There is something very wrong with what we were told about this famous painting. It is said to be one of the finest examples of Renaissance art to come from Northern Europe, depicting the merchant Giovanni Arnolfini and his wife, who are dressed in the most extravagant of clothes, amid the opulence of their home in Bruges. Some senior historians go on to say it records their marriage. And to quiet fears, they say that despite appearances, she is not pregnant, women were depicted that way to show their potential, not their current situation – or that it was a fashion of the time, which it wasn’t.
On the other hand they also tell us that Giovanni Arnolfini was not terribly successful as a merchant, but they don’t then say how he could afford such expensive attire or room furnishings, not to mention a dog of the most prestigious breed. Nor do they explain why the lady is not standing with eyes downcast, as ladies were in those days required to. And as for the pregnancy, Jan was renowned for his refusal to distort reality in order to turn features into symbols, so why then show a huge bulge if there wasn’t one? Worse still, why is the word ‘bastardo’ written across the lady’s belly, and the ‘V’ for ‘Vendetta’ sign on the man’s robe?
And another anachronism… it is recorded that in the far past, the ‘Arnolfini’ Marriage had a frame, and that on the frame there was a quote from Ovid. This, we are told, is proof of the good education of the Arnolfinis, but if one troubles to read the quote in question, and see which book it comes from, there is a better explanation. The quote on the frame read: “See that you promise: what harm is there in promises? In promises anyone can be rich.” A cynical quote from a cynical book about how to seduce a lady by falsity and deception. So why ever would Mr and Mrs Arnolfini want such a contentious quote on the hugely expensive record of their marriage? The old story just does not hold water.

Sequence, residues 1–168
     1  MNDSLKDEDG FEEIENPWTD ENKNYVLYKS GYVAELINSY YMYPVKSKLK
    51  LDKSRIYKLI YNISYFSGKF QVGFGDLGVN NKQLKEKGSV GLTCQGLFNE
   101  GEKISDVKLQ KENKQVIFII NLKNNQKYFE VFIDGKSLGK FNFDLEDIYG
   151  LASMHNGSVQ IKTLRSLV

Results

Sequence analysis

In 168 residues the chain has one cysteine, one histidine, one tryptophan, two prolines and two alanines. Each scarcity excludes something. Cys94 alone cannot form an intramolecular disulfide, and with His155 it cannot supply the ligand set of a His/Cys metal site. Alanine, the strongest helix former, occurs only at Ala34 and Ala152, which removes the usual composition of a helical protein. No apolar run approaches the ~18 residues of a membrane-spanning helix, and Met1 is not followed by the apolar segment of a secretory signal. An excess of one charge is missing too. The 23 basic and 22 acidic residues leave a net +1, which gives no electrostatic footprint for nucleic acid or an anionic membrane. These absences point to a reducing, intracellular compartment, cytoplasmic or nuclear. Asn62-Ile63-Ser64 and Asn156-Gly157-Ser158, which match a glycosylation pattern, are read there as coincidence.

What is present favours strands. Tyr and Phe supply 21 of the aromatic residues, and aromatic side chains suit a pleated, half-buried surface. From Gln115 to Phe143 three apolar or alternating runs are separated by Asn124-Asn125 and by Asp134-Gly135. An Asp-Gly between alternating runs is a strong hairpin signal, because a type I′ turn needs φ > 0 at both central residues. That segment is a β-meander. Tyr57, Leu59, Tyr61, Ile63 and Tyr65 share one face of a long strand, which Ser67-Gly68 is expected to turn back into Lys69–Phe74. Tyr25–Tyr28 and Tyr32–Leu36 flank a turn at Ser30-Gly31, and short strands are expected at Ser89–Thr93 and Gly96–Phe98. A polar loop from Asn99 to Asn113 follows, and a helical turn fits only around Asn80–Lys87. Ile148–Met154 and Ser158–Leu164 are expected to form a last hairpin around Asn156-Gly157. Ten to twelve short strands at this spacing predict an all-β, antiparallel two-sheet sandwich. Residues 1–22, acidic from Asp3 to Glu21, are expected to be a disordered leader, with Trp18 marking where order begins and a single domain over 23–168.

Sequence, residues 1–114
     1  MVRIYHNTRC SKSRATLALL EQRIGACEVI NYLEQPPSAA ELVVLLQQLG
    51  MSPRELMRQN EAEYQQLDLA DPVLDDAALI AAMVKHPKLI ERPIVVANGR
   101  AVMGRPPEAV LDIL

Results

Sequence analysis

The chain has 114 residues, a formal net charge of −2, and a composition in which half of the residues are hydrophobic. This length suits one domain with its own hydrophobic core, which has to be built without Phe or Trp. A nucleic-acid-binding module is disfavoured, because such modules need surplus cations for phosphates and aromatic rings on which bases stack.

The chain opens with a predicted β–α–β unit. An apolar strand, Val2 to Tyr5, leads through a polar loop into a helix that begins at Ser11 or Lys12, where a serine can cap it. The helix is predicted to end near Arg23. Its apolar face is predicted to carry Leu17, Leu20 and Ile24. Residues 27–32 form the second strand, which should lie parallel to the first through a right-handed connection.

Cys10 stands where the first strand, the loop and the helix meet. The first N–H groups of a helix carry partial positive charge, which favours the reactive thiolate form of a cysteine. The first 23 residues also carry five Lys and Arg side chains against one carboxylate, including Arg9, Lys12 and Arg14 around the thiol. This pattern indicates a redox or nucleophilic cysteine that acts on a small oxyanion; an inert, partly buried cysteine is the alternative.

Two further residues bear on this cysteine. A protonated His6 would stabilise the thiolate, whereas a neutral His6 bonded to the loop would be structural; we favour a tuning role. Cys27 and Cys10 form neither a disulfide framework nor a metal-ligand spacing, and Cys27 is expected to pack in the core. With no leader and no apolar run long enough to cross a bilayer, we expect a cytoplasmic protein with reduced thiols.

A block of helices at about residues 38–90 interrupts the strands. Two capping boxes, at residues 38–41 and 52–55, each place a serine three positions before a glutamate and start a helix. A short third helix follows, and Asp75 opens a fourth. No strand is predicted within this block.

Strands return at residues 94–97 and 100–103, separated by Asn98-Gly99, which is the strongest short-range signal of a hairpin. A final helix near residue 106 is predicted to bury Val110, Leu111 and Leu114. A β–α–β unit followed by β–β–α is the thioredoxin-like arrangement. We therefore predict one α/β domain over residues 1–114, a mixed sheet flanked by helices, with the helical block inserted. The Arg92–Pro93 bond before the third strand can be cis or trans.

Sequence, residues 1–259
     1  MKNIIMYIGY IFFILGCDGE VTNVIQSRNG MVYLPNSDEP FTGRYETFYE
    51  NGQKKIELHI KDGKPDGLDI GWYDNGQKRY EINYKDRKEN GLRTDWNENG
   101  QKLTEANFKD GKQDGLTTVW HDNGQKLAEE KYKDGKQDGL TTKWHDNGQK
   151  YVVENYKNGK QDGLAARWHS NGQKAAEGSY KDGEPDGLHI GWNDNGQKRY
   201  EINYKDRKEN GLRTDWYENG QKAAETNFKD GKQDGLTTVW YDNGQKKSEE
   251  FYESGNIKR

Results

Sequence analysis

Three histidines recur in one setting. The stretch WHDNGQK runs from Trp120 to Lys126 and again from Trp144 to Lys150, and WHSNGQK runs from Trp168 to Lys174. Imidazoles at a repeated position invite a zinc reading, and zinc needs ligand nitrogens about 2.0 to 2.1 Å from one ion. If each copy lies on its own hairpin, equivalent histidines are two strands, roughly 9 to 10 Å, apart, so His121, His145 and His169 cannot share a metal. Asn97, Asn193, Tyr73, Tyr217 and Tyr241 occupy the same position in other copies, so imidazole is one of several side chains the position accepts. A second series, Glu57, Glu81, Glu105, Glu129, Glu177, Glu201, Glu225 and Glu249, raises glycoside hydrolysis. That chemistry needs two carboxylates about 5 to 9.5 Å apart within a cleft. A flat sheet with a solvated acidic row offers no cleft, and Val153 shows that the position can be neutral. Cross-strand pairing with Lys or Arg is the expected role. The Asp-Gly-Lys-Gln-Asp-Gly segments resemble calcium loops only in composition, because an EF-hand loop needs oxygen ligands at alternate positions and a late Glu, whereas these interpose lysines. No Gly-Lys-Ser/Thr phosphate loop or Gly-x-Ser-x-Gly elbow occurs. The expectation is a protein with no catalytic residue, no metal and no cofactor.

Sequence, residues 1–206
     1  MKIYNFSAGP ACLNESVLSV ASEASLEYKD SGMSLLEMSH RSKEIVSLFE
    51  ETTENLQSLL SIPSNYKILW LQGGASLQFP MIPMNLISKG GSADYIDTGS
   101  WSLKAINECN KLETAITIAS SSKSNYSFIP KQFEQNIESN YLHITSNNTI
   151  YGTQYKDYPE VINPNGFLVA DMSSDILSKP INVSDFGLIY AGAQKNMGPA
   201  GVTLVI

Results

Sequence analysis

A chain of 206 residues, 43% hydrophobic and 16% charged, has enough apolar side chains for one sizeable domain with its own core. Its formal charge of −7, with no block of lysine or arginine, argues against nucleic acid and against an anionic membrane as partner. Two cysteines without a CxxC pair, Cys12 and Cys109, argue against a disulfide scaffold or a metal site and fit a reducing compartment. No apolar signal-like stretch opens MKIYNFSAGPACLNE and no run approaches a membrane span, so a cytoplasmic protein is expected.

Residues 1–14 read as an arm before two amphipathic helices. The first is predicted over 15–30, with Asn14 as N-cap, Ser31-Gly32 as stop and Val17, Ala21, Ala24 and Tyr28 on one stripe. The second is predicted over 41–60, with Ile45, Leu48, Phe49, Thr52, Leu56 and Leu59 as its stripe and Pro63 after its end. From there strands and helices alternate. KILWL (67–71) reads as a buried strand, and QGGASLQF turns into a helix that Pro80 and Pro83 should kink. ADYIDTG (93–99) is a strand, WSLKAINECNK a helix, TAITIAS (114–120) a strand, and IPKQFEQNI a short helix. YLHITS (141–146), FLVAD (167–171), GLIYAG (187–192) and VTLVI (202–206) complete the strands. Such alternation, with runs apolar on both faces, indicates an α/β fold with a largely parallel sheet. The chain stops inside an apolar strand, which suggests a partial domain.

But a bigger snag awaits, regarding Jan himself. He was the court painter to the Duke of Burgundy, perhaps the richest man in Europe. So how ever did the Arnolfinis persuade the Duke to release Jan to paint a couple of not terribly successful merchants?
But even that inexplicability is small compared to the next. Why on earth did the Duke send, not a diplomat or a senior family member, but of all people Jan, to negotiate with the King of Portugal for the hand of his daughter? And when it was all agreed, why he would send him again to accompany her from Portugal to Burgundy? In those days painters had little more prestige than plumbers, so please tell us… why?
And if the conventional story were not already shot full of holes, then one would need to explain why the couple in this painting look extraordinarily like Jan’s patron, the Duke of Burgundy – and his wife, Isabella, the Infanta of Portugal. And yet worse for the story peddled for the last five hundred years, why are the names written all over the two people ‘Isabella’, and ‘Filippo 3’?
The reason for all this, of course, is that the couple really are Philip, the Duke of Burgundy (well able to afford the luxuries he is surrounded by), and his wife Isabella. And yes, she is pregnant: they are celebrating the imminent birth of their first son and heir, Charles the Bold, in November 1433.